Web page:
This was not my first close encounter with a wild Alaskan bear. Each meeting was a visceral experience, evoking wonder, awe and fear. The beasts were ever breathtaking, yet deadly. All sinew, fur and teeth, these were nature’s most ruthless hunting machines.
The beast before me was a polar bear. Ursus maritimus, the lethal arctic ghost. My mind raced, my pulse quickened. What to do? Fight or flight? Play dead? No, there could be only choice: the baby bottle.
Alright, I’m no Steve Irwin. Or Jim Fowler. I’m not even Marlin Perkins, who sat in the Wild Kingdom TV studio while Jim did all the dangerous stuff in the field. My previous Alaska bear encounters were in a hotel parking lot and behind a fence at a wildlife refuge. But I did see them, they were close, and the legends will continue to grow!
But back to the polar bear cub. She’s fierce, as in fiercely adorable. Her name is Qannik (pronounced Ken-nick), which is native for Snowflake. It’s also the name of the oil field where she was found. She’s five months old, weighs 50 pounds, has soft white fur and black button eyes; and UPS just helped move her from Alaska to Louisville, Ky.
Qannik somehow got lost from her mother in mid-April near Alaska’s northern coast. Alaska Fish and Wildlife experts rescued her and took her to the Alaska Zoo in Anchorage until they could find a permanent home for her.
After a rigorous, global selection process, that home was determined to be the new Glacier Run arctic exhibit at the Louisville Zoo.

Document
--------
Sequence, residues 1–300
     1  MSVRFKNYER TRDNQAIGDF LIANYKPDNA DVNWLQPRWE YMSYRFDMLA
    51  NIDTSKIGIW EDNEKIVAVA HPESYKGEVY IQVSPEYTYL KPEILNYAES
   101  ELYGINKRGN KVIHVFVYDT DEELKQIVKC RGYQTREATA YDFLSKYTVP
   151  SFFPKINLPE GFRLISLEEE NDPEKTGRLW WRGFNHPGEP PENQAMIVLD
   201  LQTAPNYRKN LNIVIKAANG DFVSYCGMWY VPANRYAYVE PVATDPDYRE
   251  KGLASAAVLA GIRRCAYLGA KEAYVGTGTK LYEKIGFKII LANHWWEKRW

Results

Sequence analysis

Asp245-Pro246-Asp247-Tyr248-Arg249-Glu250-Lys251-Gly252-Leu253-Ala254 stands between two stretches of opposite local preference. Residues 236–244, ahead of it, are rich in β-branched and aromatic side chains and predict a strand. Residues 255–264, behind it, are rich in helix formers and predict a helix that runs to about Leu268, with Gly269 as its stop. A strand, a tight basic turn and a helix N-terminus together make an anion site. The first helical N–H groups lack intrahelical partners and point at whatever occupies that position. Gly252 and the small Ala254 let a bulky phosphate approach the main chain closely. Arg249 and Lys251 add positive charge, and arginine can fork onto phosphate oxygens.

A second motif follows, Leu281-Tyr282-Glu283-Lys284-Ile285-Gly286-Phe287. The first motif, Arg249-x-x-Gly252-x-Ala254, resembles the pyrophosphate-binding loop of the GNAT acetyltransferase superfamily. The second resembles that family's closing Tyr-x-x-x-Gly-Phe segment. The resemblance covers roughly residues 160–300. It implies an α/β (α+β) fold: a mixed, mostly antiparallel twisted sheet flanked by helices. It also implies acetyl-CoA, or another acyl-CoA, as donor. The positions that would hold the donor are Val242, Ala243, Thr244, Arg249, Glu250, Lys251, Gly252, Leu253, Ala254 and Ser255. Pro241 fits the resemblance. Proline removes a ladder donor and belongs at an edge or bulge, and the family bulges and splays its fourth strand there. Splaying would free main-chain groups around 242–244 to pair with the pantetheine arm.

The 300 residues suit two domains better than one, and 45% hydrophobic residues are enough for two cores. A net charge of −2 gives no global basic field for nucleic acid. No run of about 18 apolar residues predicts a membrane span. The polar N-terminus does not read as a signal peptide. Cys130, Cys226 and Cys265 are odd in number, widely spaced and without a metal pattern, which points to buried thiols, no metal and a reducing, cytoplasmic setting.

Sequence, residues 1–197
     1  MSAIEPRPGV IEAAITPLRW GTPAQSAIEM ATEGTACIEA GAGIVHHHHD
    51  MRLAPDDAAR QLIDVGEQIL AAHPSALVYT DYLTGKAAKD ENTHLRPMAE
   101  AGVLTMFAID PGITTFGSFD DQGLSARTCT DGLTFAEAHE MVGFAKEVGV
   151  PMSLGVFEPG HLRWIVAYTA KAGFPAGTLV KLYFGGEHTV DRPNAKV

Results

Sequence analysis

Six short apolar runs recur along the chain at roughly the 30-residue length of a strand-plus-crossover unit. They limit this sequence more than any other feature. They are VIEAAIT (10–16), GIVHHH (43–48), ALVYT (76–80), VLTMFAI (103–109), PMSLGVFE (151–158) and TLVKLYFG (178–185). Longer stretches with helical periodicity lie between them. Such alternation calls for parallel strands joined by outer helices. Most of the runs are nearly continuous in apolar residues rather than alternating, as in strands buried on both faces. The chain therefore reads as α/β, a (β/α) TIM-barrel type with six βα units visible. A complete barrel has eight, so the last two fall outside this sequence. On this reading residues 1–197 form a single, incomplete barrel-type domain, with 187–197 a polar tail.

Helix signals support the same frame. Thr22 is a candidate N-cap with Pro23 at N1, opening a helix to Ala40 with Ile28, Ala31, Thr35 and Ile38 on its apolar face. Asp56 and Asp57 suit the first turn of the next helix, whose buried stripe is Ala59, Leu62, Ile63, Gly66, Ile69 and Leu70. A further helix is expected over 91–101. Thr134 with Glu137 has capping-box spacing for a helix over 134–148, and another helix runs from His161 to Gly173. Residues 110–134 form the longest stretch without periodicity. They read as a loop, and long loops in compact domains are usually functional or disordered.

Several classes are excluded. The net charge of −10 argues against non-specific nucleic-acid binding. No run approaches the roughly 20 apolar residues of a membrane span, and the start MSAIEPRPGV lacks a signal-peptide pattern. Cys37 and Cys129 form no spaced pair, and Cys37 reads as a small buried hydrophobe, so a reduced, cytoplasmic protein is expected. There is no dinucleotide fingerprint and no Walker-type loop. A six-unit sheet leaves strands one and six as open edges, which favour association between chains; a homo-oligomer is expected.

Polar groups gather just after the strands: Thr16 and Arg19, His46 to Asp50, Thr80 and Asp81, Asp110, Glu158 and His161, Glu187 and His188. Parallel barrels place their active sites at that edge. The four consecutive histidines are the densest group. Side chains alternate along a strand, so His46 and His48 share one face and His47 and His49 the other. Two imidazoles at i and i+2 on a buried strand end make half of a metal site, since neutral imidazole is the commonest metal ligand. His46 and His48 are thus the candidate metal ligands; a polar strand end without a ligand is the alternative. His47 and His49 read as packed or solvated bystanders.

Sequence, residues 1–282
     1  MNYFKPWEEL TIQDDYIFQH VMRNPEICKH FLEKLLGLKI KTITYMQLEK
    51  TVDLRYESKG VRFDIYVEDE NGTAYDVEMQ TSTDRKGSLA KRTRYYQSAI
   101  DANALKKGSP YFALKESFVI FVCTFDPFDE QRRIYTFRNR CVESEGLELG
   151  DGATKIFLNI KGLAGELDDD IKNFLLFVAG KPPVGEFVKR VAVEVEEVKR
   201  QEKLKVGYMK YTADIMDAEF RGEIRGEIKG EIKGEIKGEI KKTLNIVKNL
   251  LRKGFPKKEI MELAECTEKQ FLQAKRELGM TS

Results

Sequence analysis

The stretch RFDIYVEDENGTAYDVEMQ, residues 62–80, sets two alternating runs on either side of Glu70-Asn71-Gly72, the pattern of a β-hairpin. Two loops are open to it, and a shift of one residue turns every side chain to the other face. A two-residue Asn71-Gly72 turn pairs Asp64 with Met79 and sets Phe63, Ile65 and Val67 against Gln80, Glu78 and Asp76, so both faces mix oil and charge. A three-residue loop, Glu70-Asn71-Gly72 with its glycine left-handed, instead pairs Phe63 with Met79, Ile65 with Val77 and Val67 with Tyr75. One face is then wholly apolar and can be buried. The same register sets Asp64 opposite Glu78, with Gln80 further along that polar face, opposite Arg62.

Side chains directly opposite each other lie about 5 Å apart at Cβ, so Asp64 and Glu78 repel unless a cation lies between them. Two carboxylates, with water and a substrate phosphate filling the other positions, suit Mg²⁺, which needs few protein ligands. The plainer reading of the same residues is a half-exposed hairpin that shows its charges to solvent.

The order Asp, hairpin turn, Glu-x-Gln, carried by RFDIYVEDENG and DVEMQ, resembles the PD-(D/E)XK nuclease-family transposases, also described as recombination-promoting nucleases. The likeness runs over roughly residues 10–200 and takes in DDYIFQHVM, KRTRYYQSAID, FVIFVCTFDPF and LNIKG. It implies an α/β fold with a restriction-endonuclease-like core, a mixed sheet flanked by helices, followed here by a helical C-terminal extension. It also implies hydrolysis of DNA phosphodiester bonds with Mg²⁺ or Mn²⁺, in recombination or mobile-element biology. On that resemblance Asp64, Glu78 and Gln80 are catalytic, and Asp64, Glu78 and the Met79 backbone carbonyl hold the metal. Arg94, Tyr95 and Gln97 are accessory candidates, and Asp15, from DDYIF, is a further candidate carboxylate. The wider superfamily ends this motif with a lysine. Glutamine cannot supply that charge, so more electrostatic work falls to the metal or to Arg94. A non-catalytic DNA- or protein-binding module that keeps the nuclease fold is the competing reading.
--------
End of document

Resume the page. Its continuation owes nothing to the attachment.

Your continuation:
Of course, that created a Qannik quandary. How would this endangered little bear travel several thousand miles from Anchorage to Louisville? Well, it just so happens that Louisville is the home of UPS Airlines. And Anchorage is UPS Airlines’ jumping off point for Asia. We fly multiple jumbo jets between the two cities every day.
Now, ordinarily, we only ship living things under very specific conditions. But we do love a logistical challenge and a good cause. So, we decided to make a rare exception and agreed to move the cub to Louisville. Under the code name Operation Snowflake, UPS assembled a team of about 20 logistics experts, ranging from veterinarians to pilots to load handling experts.
Led, by my esteemed colleague Jackie Blair, the team spent a feverish three weeks coordinating a myriad of details: finding and assembling safe crating for Qannik; creating a 30,000-foot den suitable for a 747-400; devising special handling methods; scheduling the aircraft; determining special flight routing; obtaining government permits; arranging security; shipping veterinary supplies, etc., etc. etc.
Have you ever sat in a meeting about absorbing pads for in-flight bear urine? I now have.
I’ve also had the privilege of working with many of the logistics experts on the team for years, so I knew every detail of Qannik’s big adventure would be properly addressed. And they were.
On June 27, we gently put Qannik in her portable den at Alaska Zoo, caravanned her to the UPS cargo facility at the Anchorage airport, and put her aboard our polar bear express flight to Louisville. Qannik spent the 5 ½ hour trip resting comfortably in her crate, arriving at Worldport, our international air hub, at about 2 a.m.
After we arrived in Louisville, the precious package was delivered to her new Kentucky home at the Louisville Zoo, where Qannik will be in quarantine for a short time before enjoying the southern hospitality of her state-of-the-art exhibit.
As for my next outdoor adventure? My wife says it’ll probably involve a lawnmower and the tall grass in the backyard.
Interested in more on the polar bear cub and how we moved her? Check out the attached video.
|Category:||Caring for Communities, Logistics|
|Tags:||747-400, Airlines, Alaska, Alaskia Zoo, Anchorage, bear, logistics, Louisville Zoo, polar bear, Qannik|